The Depicting of Angels in Contemporary Art
Contemporary artists are continuing the tradition to create angelic works of art. However, their interpretations are more individualistic than in earlier art periods. Every artist creates unique angel figures, and these figures often vary from the traditional idea of an angel. Keith Haring, for instance, created expressive line drawings of angels, and Anselm Kiefer’s neo-expressionist “Angel” series illustrates the differences in depicting angels in art.
Three of the Most Famous Angel Paintings over the Centuries
Although renowned artists have created most famous angel paintings, and some of these artworks have become just as famous as the painters, there are a few paintings that most art lovers and scholars will always see as “unforgettable.”
Raphael’s work, known as “The Sistine Madonna,” is an iconic painting centering around angels and divine figures. Another well-known angel painting is Caravaggio’s “St. Francis of Assisi in Ecstasy,” where St Francis is being cradled in the arms of a male winged angel.
Rembrandt van Rijn’s painting “Jacob Wrestling with the Angel” is one of this biblical story’s “unforgettable” depictions. This work was made in 1659 and has remained one of Rembrandt’s most famous paintings.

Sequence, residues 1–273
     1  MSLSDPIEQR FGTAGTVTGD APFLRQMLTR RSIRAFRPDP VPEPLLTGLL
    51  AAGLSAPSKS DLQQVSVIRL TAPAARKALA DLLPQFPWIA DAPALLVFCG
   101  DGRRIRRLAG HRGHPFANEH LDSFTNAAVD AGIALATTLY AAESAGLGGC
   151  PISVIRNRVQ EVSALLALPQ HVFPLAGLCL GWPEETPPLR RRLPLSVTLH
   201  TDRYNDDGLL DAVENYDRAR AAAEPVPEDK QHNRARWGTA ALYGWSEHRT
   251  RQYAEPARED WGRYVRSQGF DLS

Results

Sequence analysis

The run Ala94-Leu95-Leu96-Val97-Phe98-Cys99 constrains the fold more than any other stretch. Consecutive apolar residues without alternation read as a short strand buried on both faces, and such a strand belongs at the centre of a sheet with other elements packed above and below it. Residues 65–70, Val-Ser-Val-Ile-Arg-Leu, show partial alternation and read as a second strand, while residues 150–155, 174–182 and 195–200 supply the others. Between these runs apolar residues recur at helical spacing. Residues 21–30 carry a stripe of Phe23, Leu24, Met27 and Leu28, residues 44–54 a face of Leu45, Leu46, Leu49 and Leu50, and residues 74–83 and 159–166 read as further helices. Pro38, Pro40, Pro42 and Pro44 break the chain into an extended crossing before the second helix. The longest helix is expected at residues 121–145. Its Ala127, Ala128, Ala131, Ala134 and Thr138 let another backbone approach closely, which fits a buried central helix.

Angels in Paintings in the Neoclassicism and Modernism Art Periods
The Neoclassical artists were inspired by the Renaissance’s realism and painted naturalistic angels. The angels in the paintings of the neoclassical artists evoked the down-to-earth quality of the earlier Renaissance paintings.
But where the Renaissance artists always painted the angels in biblical depictions, the Neoclassical angels were not strictly found in biblical descriptions. Angels were also featured in mythological iconography and allegorical scenes. This trend was inspired by Classical artworks like William Bouguereau’s well-known “Birth of Venus.”
Modernists in the 20th Century were also looking to the high heavens for inspiration, and angels were often featured in their art.
Paintings of angels have been produced for centuries, and they are still used as themes for artworks. Although the Renaissance artists actively used this theme in their works, it has continued through all the different art periods.